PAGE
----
Ensuring Northern Ireland's dairy processors and farmers are meeting their environmental responsibilities has been outlined as a key challenge for the industry by an industry expert.
Dr Mike Johnston, who will take the helm of the Northern Ireland arm of industry association Dairy UK from next week, said that he aimed to make the environment an utmost priority among its members. He added that dairy safety and product innovation would also be other areas for further focus during his tenure.
The claims come as processors and industry associations across the globe are being put under regulatory and economic pressure to look to more environmentally sustainable production methods, both at processing and agricultural level.
Johnston, who will be succeeding Paul Archer, said that while Northern Ireland's dairy manufacturers are already committed to the challenge of stepping up their environmental sustainability, more work and assistance are required.
"As with many areas of public policy, the cost of compliance and the burden of red tape is a major concern," he stated. "We need both clear guidelines and uniformity in their application across the UK, at the minute we have neither."
The appointment of Johnson, who is also the head of the Dairy Council of Northern Ireland, is expected to allow for some amount of consolidation in dealing with industry wide affairs in the country, according to Dairy UK.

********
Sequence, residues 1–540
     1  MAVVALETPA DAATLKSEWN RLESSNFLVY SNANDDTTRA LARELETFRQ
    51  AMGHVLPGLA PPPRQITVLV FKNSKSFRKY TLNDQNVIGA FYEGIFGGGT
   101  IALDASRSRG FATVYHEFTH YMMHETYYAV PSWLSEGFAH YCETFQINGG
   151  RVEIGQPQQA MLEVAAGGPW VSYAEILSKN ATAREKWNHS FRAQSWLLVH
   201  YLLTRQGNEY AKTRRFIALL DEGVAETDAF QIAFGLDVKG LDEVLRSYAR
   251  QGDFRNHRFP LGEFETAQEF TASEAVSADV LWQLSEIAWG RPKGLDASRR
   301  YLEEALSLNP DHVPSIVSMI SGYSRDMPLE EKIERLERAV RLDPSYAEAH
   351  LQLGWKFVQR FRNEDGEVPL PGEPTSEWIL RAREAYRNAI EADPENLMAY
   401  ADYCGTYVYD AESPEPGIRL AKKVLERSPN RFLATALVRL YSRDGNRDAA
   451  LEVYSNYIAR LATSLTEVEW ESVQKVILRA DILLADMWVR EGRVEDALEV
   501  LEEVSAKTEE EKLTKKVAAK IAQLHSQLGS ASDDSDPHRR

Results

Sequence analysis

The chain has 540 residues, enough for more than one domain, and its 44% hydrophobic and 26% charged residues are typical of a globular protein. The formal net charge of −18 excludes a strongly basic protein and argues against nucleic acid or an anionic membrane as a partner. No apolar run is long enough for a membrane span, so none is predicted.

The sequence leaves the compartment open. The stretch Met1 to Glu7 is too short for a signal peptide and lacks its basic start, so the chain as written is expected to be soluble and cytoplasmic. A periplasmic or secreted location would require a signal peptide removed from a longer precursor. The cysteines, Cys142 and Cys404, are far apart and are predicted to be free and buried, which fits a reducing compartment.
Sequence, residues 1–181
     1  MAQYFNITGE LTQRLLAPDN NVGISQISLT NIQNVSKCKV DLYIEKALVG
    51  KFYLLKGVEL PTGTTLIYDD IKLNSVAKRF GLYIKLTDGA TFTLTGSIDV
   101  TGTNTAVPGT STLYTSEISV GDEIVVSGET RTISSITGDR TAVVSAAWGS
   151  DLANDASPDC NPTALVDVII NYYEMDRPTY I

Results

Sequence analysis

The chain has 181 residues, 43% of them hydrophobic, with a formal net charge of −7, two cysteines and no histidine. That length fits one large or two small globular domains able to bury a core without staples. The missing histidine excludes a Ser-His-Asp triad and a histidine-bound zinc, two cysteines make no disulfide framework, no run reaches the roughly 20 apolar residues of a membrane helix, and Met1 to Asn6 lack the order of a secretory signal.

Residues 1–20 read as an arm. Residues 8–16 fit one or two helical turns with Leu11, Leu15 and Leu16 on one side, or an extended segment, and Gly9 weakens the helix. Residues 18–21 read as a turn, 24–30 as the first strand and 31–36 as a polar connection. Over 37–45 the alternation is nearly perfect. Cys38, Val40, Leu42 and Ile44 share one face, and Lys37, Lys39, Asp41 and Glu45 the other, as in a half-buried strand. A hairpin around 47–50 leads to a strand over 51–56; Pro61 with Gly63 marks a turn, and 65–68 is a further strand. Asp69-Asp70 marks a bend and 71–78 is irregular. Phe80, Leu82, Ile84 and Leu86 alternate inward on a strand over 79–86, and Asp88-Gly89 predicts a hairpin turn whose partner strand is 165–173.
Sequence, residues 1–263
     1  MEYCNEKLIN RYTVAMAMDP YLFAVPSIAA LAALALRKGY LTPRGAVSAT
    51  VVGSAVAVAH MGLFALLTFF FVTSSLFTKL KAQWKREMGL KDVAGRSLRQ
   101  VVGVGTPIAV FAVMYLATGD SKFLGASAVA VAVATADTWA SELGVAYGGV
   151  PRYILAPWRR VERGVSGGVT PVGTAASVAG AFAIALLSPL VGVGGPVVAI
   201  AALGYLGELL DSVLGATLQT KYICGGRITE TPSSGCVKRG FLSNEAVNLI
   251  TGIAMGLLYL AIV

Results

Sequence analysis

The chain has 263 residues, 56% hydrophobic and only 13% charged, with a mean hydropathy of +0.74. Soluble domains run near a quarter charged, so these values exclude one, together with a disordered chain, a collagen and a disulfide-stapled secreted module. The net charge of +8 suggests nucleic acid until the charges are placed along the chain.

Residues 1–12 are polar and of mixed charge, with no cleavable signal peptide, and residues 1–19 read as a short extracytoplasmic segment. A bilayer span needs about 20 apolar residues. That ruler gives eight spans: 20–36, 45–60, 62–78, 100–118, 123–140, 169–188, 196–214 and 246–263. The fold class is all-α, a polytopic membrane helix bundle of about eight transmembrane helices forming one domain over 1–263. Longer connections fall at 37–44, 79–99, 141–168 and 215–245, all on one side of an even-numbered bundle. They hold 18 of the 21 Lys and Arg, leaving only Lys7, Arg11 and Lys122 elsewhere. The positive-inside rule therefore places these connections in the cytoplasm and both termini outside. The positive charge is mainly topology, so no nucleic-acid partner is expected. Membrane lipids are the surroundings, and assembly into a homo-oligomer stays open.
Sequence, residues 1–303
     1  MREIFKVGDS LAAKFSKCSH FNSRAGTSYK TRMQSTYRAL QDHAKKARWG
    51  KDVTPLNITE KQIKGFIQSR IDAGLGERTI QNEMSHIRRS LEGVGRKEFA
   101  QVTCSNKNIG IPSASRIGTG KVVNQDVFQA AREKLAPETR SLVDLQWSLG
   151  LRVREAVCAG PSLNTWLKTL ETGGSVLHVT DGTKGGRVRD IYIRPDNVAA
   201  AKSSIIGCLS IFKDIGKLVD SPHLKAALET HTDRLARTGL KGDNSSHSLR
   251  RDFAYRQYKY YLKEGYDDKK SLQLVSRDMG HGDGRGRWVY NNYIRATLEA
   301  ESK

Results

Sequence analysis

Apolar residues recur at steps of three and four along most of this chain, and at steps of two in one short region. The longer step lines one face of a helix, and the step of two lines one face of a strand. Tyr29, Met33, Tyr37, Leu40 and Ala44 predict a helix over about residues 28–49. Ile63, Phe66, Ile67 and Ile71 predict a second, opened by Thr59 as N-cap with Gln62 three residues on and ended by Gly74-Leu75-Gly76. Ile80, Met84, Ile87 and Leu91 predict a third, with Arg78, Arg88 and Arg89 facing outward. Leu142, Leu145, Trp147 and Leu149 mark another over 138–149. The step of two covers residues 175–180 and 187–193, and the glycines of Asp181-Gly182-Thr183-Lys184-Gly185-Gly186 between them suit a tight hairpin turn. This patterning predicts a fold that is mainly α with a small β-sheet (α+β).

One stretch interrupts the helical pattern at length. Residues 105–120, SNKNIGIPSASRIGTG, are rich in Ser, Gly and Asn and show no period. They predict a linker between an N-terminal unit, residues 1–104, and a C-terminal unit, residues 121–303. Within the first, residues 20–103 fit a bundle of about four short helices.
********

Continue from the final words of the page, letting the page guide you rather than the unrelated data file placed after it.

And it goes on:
"Although both organisations will continue to operate separately, this joint servicing initiative represents a small, but important rationalisation within the Northern Ireland dairy industry," Johnson stated.
In addressing the wider needs of the country's dairy producers, he added that the association would also continue to work with local food safety authorities in order to keep the country's cattle free of Bluetongue.
Dairy UK's attempts to target more environmentally friendly production methods comes as a number of major cooperatives like Arla Foods and Fonterra pledge to target reductions in their environmental impacts.
Just last month, a meeting of a standing committee of the International Dairy Federation (IDF) outlined environmental sustainability as a key challenge for future growth.
Christian Robert, director general of the IDF, which represents stakeholders throughout the global dairy industry, told DairyReporter.com that its experts were increasingly looking for new solutions to reduce the impact of dairy on the ecosystem.
"We decided in January that we would move to intensify our efforts towards increasing environmental sustainability for the whole industry," he said.
Robert said that the committee was not just looking at improvements in processing, with agricultural issues like fresh water and effluent treatment also proving to be a vital area of the focus.